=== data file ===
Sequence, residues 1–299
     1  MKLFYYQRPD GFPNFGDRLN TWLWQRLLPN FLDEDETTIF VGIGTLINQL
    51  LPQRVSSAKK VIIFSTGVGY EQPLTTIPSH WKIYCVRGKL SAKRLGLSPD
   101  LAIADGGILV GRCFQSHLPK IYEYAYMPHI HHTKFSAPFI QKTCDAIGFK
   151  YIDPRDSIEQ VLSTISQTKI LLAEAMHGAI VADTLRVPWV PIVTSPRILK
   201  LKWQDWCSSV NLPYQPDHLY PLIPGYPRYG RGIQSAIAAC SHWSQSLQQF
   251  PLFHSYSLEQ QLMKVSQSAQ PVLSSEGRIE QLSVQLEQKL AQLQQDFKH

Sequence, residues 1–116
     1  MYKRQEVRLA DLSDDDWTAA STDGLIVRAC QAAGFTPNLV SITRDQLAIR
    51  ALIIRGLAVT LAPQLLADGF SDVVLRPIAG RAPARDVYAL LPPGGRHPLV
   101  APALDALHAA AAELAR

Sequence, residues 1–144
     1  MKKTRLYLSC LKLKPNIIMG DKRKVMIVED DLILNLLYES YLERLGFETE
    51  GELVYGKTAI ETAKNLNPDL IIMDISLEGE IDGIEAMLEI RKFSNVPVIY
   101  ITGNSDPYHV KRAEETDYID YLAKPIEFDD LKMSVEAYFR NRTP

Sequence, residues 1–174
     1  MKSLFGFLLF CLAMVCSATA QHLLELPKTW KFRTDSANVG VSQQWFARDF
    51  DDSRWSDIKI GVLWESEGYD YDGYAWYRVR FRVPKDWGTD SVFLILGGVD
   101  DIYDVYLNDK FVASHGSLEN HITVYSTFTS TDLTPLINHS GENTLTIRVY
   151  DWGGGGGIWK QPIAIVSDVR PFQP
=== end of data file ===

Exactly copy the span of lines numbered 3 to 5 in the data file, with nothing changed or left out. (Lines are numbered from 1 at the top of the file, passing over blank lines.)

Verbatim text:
    51  LPQRVSSAKK VIIFSTGVGY EQPLTTIPSH WKIYCVRGKL SAKRLGLSPD
   101  LAIADGGILV GRCFQSHLPK IYEYAYMPHI HHTKFSAPFI QKTCDAIGFK
   151  YIDPRDSIEQ VLSTISQTKI LLAEAMHGAI VADTLRVPWV PIVTSPRILK